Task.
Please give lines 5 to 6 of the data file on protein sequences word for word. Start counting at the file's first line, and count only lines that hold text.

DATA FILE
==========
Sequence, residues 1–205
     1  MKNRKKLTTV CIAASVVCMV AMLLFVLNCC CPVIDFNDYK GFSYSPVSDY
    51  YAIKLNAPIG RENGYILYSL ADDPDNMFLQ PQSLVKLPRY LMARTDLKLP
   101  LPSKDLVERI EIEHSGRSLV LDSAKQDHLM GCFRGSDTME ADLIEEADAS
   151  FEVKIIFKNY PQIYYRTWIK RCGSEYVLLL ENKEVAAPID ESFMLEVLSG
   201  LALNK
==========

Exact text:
   151  FEVKIIFKNY PQIYYRTWIK RCGSEYVLLL ENKEVAAPID ESFMLEVLSG
   201  LALNK